For some time now, I’ve been considering the possibility of paring down my library. To be frank, I have a bit of a fetish about books, craving not just quality but quantity. I don’t think I’ve ever gotten rid of a book bought for school; if I find a used bookstore or a book giveaway, you can bet I’ll need a mid-sized sedan to cart home all my booty. But, like many collectors, it’s raw acquisitveness that drives me. I doubt there’s anything else among my possessions that takes up so much space and yet sees so little use. I admit that I have a LOT of books that I have never gotten around to reading, and even more that I’ve read once and never opened again. I do, of course, have quite a few that I return to frequently, either to reread for pleasure or to consult for research. But given the premium on space in my apartment, some of these books may have to find a new home.
Thus, I’ve been slowly working my way through my store of pleasure reading, revisiting books that I’ve read before but can’t remember (or just barely) to see which, if any, I might want to keep and reread again and again, and which ones need to be relegated to the laundry-room lending library. This month’s offering is Agatha Christie’s The Man in the Brown Suit, a murder-mystery-cum-spy-novel-cum-romance that follows the adventures of cheeky young Anne Beddingfield as she becomes entangled in a diamond-smuggling conspiracy. The excitement-starved orphan is implicated in the intrigue by a chance encounter with a dying man in a subway station, and becomes determined to suss out the truth; she unwittingly finds herself falling in love with the prime suspect, and has a number of narrow escapes from danger.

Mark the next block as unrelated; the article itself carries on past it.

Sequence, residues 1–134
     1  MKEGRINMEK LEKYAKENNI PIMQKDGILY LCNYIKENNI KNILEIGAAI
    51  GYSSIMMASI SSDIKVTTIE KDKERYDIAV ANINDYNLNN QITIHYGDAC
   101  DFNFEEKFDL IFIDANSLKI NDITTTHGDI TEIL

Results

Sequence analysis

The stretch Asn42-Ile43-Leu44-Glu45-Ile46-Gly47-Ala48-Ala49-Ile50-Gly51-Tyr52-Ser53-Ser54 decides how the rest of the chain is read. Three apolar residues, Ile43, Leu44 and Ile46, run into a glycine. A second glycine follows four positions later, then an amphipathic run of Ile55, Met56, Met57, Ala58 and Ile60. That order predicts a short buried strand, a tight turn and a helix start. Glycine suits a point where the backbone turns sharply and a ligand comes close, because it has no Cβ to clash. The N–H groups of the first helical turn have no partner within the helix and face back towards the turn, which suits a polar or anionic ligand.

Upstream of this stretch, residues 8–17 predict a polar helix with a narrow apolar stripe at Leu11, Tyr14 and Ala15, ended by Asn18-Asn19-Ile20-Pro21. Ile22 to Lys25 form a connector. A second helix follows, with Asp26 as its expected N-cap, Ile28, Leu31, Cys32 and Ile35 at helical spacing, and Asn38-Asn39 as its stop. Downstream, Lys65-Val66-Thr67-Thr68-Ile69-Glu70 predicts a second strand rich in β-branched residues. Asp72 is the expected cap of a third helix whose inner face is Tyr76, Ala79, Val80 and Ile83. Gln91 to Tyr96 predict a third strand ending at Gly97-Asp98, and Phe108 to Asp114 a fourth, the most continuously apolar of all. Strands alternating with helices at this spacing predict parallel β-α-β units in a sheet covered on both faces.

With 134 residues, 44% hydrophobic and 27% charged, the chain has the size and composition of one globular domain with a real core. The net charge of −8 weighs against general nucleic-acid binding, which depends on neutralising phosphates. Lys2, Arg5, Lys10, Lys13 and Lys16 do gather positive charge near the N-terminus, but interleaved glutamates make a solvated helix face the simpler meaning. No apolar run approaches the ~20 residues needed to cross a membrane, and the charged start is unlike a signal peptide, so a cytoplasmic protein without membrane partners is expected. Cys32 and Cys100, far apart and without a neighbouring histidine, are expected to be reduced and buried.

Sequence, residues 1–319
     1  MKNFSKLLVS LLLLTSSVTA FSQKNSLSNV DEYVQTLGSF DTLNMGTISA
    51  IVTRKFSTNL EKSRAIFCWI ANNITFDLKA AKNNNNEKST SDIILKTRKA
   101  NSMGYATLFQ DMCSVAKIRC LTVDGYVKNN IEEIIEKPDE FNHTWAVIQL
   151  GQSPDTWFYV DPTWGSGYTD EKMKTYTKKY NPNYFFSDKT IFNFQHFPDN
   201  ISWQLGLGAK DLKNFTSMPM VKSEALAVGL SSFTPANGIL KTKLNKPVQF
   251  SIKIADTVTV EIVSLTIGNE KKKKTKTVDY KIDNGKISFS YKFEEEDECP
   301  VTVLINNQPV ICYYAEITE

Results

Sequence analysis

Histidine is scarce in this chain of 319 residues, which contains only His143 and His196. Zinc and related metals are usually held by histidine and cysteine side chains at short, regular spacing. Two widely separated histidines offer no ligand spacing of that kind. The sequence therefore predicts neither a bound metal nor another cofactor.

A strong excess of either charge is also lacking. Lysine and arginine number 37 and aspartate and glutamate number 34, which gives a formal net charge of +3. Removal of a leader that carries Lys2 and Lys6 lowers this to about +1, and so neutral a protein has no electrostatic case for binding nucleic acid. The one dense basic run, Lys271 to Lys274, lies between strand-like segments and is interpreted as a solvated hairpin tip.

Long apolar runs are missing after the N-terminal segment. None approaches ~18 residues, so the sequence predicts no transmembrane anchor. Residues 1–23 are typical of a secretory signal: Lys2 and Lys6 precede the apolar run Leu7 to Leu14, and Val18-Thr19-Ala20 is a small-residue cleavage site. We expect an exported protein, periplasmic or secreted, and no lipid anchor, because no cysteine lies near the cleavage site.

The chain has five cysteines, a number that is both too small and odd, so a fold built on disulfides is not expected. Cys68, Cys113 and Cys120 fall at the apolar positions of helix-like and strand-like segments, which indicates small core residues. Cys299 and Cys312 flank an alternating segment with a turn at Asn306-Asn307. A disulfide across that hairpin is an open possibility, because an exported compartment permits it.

I’ve mentioned before that I’m not a particular fan of Christie’s spy novels. They tend to be full of clichés, and the heroes are often both absurdly lighthearted and ridiculously lucky, allowing them to waltz in and out of life-threatening situations with over-the-top foreign villains. The less comedic spy novels (such as Passenger to Frankfurt or They Came to Baghdad) instead tend to become overly preachy, beating you over the head with their social criticism. In The Man in the Brown Suit, however, Christie manages to produce a story that is still enjoyable to read, in spite of its weaknesses. Improbably plotted and insistently clichéd, the novel nonetheless features a cast of compelling characters with whom the reader becomes absorbed. Unlike many of her other spy novels, this book is fast-paced and plot-driven, generating a momentum that keeps you reading past some of the rather melodramatic scenarios to find out the heart of the mystery and the fate of the love affair. Though not a classic that I’d return to time and again, I’ve enjoyed revisiting it one last time.